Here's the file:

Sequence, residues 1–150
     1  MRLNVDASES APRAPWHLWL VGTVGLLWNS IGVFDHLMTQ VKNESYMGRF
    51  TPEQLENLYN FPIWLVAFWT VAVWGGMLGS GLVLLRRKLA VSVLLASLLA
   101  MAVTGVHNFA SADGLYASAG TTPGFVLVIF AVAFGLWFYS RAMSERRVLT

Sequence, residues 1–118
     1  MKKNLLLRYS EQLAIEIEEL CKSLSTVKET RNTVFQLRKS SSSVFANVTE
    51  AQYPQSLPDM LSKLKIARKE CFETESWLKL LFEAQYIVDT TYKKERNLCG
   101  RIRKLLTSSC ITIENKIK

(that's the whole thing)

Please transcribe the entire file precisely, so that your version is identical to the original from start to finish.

Sequence, residues 1–150
     1  MRLNVDASES APRAPWHLWL VGTVGLLWNS IGVFDHLMTQ VKNESYMGRF
    51  TPEQLENLYN FPIWLVAFWT VAVWGGMLGS GLVLLRRKLA VSVLLASLLA
   101  MAVTGVHNFA SADGLYASAG TTPGFVLVIF AVAFGLWFYS RAMSERRVLT

Sequence, residues 1–118
     1  MKKNLLLRYS EQLAIEIEEL CKSLSTVKET RNTVFQLRKS SSSVFANVTE
    51  AQYPQSLPDM LSKLKIARKE CFETESWLKL LFEAQYIVDT TYKKERNLCG
   101  RIRKLLTSSC ITIENKIK